A week-long cCWCS workshop
This workshop has been presented 10 times with great success, attracting participants such as science faculty, art faculty, museum curators, conservators and education faculty, coming from 2-year and 4-year colleges, and universities. The broad-ranging workshop provides participants with a perspective on the role of chemistry in diverse fields, crossing academic disciplines, but with strong foundations in inorganic, physical and analytical chemistry. The course is grounded in laboratory experience, and includes field trips to local museums and conservation science labs.
Sunday: Linking Chemistry and Art in the Curriculum. Participants explore and set personal workshop goals while getting an overview of workshop activities and resources available to them. Lecture and lab activities focus on the importance of light and color in the study of art and art materials, as well as the interdisciplinary nature of chemistry and art.
Monday: Colorants and Painting Media. The study of pigments, dyes and paint media includes experiments to synthesize dyes and pigments and then activities to analyze and utilize these coloring agents. Participants will prepare and compare the properties of oil paint, egg tempera, acrylic paint, watercolor, India inks, crayons and pastels. Lectures will explore how artists have used colorants over time, what comprises the materials and structures of paintings, as well as what modern analytical methods can be used to identify pigments and dyes in works of art and artifacts.
Tuesday: Paper, Fibers, and Dyes. Tuesday focuses on the characteristics of paper and other types of polymeric art materials. Participants will make and analyze paper, identify natural and synthetic fibers, and utilize natural and synthetic dyes to dye both natural and synthetic fibers. Lectures will continue to highlight the analytical methods used in paintings analysis, as well as how to seek out and utilize museum resources for teaching.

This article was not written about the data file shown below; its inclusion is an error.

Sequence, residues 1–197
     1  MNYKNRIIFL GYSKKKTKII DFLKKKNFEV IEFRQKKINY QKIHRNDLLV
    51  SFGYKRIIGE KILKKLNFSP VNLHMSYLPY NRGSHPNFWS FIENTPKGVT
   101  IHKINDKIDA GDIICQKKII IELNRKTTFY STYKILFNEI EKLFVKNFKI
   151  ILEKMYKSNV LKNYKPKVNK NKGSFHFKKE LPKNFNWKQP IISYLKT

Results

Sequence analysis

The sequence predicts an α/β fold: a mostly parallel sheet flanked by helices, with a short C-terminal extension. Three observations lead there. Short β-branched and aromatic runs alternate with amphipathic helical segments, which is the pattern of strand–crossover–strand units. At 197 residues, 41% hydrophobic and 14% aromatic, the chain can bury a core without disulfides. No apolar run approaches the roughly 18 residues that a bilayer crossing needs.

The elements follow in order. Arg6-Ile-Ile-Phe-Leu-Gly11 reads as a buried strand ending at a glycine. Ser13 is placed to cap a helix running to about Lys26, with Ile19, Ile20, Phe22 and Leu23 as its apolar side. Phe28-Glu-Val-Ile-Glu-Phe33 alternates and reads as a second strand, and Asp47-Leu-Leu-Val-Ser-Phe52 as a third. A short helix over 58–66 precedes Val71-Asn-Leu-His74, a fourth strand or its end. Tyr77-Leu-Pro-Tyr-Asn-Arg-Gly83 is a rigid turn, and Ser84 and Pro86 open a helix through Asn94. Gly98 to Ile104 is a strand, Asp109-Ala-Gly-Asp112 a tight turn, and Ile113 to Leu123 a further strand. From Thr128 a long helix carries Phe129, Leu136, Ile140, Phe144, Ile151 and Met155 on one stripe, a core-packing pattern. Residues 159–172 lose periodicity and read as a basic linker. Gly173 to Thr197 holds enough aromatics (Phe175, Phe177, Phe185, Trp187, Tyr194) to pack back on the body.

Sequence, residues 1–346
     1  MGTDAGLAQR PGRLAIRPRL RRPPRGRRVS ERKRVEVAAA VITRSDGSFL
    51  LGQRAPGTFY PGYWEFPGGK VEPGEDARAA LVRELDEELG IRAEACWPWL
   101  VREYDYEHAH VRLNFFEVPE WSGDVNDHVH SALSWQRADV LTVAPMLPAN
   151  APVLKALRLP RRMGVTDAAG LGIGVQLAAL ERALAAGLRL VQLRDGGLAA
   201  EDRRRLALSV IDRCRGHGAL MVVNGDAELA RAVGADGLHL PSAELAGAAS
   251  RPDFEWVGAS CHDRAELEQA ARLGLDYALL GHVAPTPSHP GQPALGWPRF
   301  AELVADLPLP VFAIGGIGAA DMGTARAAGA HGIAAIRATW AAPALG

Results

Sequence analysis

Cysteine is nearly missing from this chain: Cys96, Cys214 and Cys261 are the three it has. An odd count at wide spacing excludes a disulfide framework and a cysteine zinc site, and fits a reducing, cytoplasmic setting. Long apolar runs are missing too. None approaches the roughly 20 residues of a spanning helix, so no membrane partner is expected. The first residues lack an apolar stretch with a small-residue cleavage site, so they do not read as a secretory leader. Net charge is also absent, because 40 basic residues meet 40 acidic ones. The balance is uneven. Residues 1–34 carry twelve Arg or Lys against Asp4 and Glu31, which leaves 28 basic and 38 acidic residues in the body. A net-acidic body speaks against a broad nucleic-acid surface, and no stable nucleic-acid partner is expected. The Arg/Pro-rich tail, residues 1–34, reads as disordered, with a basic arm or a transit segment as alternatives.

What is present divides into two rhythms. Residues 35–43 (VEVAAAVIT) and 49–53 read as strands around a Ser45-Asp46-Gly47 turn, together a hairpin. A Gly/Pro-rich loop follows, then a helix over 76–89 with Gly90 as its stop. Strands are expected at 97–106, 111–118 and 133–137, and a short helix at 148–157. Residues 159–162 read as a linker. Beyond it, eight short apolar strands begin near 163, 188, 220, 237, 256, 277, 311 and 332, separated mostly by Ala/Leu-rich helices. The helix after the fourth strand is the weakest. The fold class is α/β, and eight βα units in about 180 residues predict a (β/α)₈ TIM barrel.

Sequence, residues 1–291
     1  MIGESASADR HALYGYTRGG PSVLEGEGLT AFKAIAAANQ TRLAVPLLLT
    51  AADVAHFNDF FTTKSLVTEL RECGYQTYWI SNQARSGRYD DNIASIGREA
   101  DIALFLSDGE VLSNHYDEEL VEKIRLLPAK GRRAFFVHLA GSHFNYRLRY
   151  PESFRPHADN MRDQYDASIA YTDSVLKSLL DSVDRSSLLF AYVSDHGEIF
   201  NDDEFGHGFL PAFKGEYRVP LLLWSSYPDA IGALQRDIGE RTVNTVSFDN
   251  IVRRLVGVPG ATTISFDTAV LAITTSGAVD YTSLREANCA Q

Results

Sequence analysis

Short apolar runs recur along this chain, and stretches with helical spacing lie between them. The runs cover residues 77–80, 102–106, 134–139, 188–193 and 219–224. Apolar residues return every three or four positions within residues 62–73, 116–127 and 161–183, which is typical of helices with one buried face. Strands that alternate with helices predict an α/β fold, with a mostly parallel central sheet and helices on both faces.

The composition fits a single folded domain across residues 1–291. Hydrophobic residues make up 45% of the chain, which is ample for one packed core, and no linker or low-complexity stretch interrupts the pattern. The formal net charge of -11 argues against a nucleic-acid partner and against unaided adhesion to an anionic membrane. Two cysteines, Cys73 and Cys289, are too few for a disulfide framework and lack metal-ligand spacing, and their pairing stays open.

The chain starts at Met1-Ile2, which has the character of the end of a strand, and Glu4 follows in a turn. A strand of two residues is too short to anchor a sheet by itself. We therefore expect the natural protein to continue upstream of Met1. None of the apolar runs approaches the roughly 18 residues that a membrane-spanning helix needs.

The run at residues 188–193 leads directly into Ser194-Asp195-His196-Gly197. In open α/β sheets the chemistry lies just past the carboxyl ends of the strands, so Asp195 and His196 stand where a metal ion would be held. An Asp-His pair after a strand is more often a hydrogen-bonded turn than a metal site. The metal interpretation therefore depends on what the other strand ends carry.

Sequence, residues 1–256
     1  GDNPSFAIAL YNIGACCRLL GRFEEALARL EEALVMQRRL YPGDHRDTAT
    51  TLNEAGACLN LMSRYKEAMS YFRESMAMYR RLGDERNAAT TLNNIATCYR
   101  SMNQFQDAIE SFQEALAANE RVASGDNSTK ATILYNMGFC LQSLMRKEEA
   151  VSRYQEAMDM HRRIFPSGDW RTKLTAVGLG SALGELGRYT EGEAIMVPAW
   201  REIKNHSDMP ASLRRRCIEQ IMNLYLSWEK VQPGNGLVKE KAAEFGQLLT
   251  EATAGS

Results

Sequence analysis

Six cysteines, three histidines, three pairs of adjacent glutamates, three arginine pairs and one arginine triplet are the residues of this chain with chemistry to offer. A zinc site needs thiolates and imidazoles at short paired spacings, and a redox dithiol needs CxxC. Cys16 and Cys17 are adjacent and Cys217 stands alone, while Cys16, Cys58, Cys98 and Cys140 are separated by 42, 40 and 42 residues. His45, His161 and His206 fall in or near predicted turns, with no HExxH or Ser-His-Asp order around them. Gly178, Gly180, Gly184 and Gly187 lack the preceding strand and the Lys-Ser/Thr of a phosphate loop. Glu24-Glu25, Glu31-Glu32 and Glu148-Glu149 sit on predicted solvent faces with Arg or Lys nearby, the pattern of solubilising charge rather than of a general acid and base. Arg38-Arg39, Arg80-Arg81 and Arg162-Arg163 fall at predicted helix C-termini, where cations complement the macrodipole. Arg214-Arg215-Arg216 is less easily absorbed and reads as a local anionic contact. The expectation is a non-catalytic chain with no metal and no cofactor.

Wednesday: Teaching Basic Chemistry Through Metalwork, Jewelry, and Sculpture. Lectures focus on the materials of jewelry and sculpture - stone, metal, concrete, clay, glass - as a way to introduce basic chemistry concepts to undergraduates. Laboratory activities include studying the properties of metals, redox reactions of metals, electrochemistry (electrolysis, electroplating, anodizing) and coloring (patination) of metals. A field trip to a local museum and foundry will highlight the day followed by a lecture on the use of optical devices in art.
Thursday: Ancient to Modern Materials. The morning will focus on the chemistry of fresco making, deterioration and restoration, as well as continuing activities utilizing ancient materials of shells, glass and ceramics. In the afternoon, lab activities have participants working with more modern photographic processes such as salted paper prints, cyanotypes, diazo blueprints, and using a camera lucida. Several conservation case studies will be presented and participants will be able to work with on-line resources that provide case studies in conservation science such as The Vineland Map and the Feast of the Gods. In the evening, a workshop banquet will be held with a guest speaker who will speak either on an art conservation topic or on the development of travel courses in chemistry and art.
Friday: Wrap-up Day. No chemistry and art workshop would be complete without a presentation and discussion on Fakes and Forgeries. This will be followed by informal presentations where workshop participants will be encouraged to share what they plan to do when they return home. A Workshop Evaluation Form will be completed by each participant prior to departure. The workshop ends at noon on Friday.